Duodenal Atresia

What is duodenal atresia?

The duodenum is the first part of the small bowel. Duodenal atresia occurs when there is an blockage within the first part of the small bowel. Approximately one third of those diagnosed with duodenal atresia also have Down syndrome and/or coexisting cardiac anomalies. It can also be associated with other birth defects.

Symptoms

  • Duodenal atresia is often characterized by a “double bubble” on prenatal ultrasound. One bubble represents air in the stomach and the other bubble represents the first part of the duodenum, with no air past that. 
  • If the baby is not diagnosed prenatally, he/she is usually diagnosed hours after birth with vomiting. It can be bilious or non-bilious vomiting. 
  • This is often diagnosed prenatally on ultrasound or on an x-ray after the baby is born.

How is it treated?

Initially a small tube, called a nasogastric (NG) tube is placed through the child’s nose and into the stomach allowing it to decompress, draining air and fluid. The baby is started on intravenous fluids to correct dehydration and electrolyte abnormalities. Surgery is required to treat duodenal atresia, usually within the first few days of life. Once the child is taken for surgery, a small incision is made over the stomach and the blockage in the small intestine is located. This area will be opened up and connected to the area of the small bowel past the blockage. This allows the digestive tract to function.

In patients with a coexisting heart defect, a gastric tube (g-tube) may be inserted at the time of surgery for feeds.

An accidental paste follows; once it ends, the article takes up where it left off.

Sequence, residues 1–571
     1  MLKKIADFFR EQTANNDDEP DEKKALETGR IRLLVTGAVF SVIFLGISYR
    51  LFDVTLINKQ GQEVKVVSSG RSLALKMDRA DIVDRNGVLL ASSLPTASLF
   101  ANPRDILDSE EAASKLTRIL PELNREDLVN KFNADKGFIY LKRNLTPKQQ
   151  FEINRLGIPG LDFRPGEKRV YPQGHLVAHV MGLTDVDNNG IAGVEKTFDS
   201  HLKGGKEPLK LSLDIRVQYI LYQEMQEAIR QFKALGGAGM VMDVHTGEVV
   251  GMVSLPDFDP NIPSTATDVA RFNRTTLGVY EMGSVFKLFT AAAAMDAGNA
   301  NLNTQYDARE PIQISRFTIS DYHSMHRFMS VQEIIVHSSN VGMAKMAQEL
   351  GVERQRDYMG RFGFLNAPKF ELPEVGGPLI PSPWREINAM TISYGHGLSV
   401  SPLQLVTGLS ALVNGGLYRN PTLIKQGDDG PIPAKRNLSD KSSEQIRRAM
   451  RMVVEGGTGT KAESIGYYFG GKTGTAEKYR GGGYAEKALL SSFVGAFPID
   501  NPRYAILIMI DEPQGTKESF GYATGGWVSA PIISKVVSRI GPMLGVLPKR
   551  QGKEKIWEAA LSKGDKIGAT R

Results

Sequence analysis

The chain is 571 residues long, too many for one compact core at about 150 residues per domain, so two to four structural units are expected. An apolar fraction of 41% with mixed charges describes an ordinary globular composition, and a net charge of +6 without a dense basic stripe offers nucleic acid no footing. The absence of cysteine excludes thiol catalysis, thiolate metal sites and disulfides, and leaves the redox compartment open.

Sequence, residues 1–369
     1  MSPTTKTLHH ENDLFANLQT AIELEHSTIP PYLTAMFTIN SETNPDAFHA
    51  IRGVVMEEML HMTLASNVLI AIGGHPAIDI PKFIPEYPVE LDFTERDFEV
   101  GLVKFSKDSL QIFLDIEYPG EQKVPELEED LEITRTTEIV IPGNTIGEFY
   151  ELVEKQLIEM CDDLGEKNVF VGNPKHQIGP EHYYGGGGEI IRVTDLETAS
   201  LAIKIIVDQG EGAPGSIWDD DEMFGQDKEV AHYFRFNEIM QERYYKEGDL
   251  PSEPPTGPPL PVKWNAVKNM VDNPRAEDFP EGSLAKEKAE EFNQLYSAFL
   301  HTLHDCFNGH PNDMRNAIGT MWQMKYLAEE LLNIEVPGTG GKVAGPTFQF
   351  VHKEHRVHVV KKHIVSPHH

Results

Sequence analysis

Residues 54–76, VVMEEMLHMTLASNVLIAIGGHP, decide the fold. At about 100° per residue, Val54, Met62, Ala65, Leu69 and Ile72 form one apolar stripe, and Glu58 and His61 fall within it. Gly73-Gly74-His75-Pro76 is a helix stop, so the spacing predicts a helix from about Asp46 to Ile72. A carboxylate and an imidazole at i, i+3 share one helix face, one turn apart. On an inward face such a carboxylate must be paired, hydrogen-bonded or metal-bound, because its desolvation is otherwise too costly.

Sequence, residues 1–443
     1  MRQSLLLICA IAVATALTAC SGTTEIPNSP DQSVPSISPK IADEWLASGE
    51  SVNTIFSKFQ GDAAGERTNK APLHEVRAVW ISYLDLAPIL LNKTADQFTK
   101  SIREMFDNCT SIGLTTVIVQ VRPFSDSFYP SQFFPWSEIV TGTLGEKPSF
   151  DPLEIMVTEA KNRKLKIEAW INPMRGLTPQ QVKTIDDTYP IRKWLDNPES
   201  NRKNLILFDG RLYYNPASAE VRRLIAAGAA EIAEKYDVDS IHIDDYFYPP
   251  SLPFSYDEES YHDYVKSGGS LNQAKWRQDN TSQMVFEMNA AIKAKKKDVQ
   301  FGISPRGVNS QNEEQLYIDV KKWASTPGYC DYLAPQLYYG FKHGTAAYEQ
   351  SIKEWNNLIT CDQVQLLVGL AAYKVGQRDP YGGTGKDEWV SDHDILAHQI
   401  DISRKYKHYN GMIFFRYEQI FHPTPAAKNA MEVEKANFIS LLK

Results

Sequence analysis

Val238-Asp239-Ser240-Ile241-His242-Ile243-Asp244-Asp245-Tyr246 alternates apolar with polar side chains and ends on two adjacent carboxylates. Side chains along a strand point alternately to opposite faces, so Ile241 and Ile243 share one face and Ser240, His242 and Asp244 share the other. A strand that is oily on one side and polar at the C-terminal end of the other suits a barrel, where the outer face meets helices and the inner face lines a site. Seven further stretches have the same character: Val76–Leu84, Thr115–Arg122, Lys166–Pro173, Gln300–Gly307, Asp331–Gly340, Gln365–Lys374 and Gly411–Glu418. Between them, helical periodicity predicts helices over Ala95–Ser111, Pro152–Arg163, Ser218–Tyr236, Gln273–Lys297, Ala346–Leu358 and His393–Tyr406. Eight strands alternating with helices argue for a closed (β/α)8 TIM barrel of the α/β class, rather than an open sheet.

What will happen in the hospital?

After surgery your child will remain in the hospital. He or she will have steri strips over the incisions.

The NG tube will remain in place for several days. Many times a contrast study will be performed to document that the repair of the duodenum is functioning well. This occurs 5 -7 days after surgery. Contrast dye will be put in the nasogastric tube and x-rays taken to confirm the passage of the dye from the stomach through the repaired duodenum in to the remainder of the intestine. Feedings will not be started until there is return of bowel function. This usually occurs in 2-3 weeks. Your child will remain on intravenous fluids and will also have intravenous antibiotics.

Pain will be controlled with Tylenol. Occasionally patients require a stronger intravenous pain medication such as morphine in the early postoperative period. Some babies require intravenous nutrition, which is feeding through a peripherally inserted central catheter (PICC) line.

When will my child be discharged?

Once he or she is able to tolerate feedings, without vomiting. Tolerating full feedings can take several weeks and your child will be monitored to ensure they are gaining weight.

What will be my child's recovery?

The majority of recovery takes place in the hospital, as he or she will remain in the hospital for several weeks.

What should I be looking for after the operation and hospitalization?

  • No stooling
  • No urinating
  • Poor feeding or not at all
  • Vomiting, especially green or yellow in color
  • Poor weight gain
  • Distended abdomen
  • Gastro-esophageal reflux disease (GERD)